How to have a Low-Waste-Mas | The Positive Change

Amazing read! Waste Not By Erin Rhoads

It’s really funny how things work out – while working on one of my previous blogspots regarding Zero-Waste Household from Qatar, The Al-Sulaiti family shared with me one of their inspirations, the book “Waste Not by Erin Rhoads.”

Many of us are overwhelmed by the idea of zero-waste, and I was extremely thrilled to know there is a book out there to help us with tips, advice and ideas to make small changes in our lives one-step-at-a-time!

Erin Rhoads wrote this book in a very engaging manner, because as I read it, I treat it as a conversation which makes it more exciting than just a simple, and informative book. Considering we’re fast approaching Christmas and soon, 2019…I thought why not share some festive and fun approaches I came across to decrease our waste and reduce our carbon footprint!

“Fact: In the US, household waste increases by an extra 25% between Thanksgiving and Christmas

– Erin Rhoads, Waste Not (P172)
Let it Snow, Let it Snow!

‘Tis the season of Giving, Joy and Happiness! We can also give back to our wonderful home, our planet 🙂

Make a Change ’tis season!

Creative Invites and Holiday Greetings

Typical Christmas and New Years culture usually includes us designing lovely and colourful, festive greeting cards to send to our friends, family and loved ones. However, have we ever thought of how much waste this can lead to?

In our age of technology, it can be even easier to design your invites and greeting cards online, via email or even a quick & personalized phone call.

But let’s be real, we obviously still want to stick to some traditions but there are greener ways. Erin Rhoads provides us some valuable insight into some alternatives:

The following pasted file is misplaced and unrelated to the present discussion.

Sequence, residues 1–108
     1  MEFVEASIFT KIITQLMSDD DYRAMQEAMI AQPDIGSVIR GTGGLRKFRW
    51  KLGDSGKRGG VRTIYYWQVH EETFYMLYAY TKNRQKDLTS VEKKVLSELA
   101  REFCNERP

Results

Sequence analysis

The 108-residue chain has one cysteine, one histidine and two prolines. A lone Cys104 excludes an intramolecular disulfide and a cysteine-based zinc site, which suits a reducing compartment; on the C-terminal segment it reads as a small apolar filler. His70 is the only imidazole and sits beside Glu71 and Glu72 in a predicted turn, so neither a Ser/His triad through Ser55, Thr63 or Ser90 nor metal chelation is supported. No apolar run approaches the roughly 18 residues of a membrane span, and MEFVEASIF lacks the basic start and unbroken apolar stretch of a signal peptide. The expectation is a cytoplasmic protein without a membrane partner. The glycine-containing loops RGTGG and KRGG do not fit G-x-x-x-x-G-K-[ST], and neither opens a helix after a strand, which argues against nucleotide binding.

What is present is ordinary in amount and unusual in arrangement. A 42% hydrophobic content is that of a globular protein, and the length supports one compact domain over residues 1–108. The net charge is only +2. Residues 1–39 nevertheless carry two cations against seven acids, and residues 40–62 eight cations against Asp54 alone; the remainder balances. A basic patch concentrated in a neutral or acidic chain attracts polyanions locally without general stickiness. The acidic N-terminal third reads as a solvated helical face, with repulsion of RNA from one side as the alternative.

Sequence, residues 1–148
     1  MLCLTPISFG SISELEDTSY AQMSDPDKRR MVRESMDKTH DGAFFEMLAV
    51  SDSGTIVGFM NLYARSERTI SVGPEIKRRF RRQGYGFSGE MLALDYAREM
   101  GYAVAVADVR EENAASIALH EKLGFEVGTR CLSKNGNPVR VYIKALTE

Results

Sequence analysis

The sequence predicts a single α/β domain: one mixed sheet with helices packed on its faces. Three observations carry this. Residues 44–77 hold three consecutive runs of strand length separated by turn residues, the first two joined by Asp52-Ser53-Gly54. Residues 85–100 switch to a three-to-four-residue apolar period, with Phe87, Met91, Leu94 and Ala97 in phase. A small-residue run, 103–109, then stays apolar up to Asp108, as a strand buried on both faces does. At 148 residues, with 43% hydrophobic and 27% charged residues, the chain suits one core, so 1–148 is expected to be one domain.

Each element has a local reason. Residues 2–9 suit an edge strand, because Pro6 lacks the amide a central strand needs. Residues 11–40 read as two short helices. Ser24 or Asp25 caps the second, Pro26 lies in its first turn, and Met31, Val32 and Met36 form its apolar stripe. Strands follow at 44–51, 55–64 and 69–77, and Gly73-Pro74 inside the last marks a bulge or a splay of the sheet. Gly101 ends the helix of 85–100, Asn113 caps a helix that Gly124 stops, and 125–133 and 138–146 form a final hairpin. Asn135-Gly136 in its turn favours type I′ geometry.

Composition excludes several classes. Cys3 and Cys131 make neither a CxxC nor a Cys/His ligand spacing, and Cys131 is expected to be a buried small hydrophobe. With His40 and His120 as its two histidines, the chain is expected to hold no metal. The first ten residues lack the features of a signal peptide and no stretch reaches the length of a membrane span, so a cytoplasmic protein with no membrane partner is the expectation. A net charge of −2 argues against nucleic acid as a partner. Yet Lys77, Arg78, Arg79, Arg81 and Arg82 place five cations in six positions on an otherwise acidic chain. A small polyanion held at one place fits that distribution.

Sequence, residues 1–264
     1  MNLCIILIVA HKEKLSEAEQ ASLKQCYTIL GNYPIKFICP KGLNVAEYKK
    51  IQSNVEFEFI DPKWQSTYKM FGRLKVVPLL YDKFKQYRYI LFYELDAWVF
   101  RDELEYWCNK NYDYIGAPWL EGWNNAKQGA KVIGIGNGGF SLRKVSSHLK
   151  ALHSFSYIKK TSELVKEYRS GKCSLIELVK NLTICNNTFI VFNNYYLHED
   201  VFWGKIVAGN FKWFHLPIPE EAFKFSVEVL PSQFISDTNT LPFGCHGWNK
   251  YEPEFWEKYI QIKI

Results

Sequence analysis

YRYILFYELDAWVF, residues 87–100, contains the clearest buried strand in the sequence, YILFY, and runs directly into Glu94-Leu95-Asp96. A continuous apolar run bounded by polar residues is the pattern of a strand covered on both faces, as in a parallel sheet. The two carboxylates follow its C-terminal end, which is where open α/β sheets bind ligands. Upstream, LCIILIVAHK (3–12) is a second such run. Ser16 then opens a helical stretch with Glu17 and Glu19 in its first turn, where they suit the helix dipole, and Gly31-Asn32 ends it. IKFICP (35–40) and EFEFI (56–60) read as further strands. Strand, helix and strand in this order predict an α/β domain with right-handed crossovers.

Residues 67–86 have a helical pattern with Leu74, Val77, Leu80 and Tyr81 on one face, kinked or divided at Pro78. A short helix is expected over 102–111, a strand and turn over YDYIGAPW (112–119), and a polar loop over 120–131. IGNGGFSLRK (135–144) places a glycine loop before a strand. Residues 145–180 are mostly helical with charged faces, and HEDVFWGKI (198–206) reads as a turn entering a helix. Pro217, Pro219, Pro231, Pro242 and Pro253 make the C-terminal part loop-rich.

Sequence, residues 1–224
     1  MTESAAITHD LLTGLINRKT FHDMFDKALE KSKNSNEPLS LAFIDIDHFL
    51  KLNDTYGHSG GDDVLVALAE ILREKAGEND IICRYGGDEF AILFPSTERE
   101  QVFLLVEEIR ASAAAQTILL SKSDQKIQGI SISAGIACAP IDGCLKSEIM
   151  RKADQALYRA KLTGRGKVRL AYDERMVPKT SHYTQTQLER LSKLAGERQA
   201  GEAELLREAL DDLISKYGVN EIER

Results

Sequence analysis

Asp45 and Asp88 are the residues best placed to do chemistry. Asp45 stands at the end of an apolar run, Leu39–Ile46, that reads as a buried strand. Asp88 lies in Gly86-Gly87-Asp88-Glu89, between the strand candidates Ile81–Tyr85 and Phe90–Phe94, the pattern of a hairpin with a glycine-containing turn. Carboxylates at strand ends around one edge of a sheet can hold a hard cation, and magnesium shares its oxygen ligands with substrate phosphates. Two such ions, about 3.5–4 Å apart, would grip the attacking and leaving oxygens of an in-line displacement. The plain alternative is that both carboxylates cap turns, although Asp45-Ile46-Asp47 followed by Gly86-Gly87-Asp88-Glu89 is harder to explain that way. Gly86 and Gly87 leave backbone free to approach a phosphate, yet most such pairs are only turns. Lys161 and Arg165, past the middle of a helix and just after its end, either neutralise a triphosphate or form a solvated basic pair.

• Buying your paper from speciality paper stores that sell recycled papers or can even source them for you (Communication is key of your requirements, we need to speak up!)
  • Do we really need glitter and ribbons? Maybe we can find those printed with soy or vegetable inks on recycled paper!
Simplicity at its best!

There are many ways to go low-waste when cooking as well, but in all honesty, I’m not a cook! I advice you to look through Food + Drink Section in Erin Rhoads book, Waste Not, to find ways to reduce your bottle usage and even recipes to reduce your waste!

Setting the Table for your dinners

Plastic is a thing of the past, completely, and if it isn’t for your household, then it should be! Not only does plastic-free cutlery and so on decrease waste, it also decreases your costs & makes for a more home-y and warm atmosphere. Thank you, once again, Erin Rhoads, for sharing some ideas with your readers and the world – here something’s I found very easy and resourceful to pursue in our personal lives:

  • We can always find cheaper, second-hand glassware that are in great condition for our dinners (Reuse, Reuse, Reuse)
  • Guests can bring their own tableware – Erin Rhoads says it best, ‘Why not organize a fun challenge by setting a ‘crazy glass’ theme that need to be sourced from a second-hand store!’ (P178)
  • Paper or bamboo plates! These can even be disposed properly in a compost because of the residual remains. Add small compost bins at your parties – it just takes only a small area in your kitchen while helping raise awareness to all your guests – ideas for composting can also be found in previous blogposts (Zero-Waste Household & from Rashmi Aradhya)
  • No need for straws – before straws were invented, we clearly had no issue, but we just got lazy and fussy!
  • Don’t follow the whole Bioplastic or Biodegradable train – These are just words that are misleading to us as consumers, as we perceive it to be environmentally friendly – however, these materials only break down into smaller pieces of plastic which is still very harmful to our environment and species!
So many ways to go zero-waste! Bamboo or metal straws – check out our post on Nada Grocery and how you can make your dinners low-waste

Tips to Decorate your home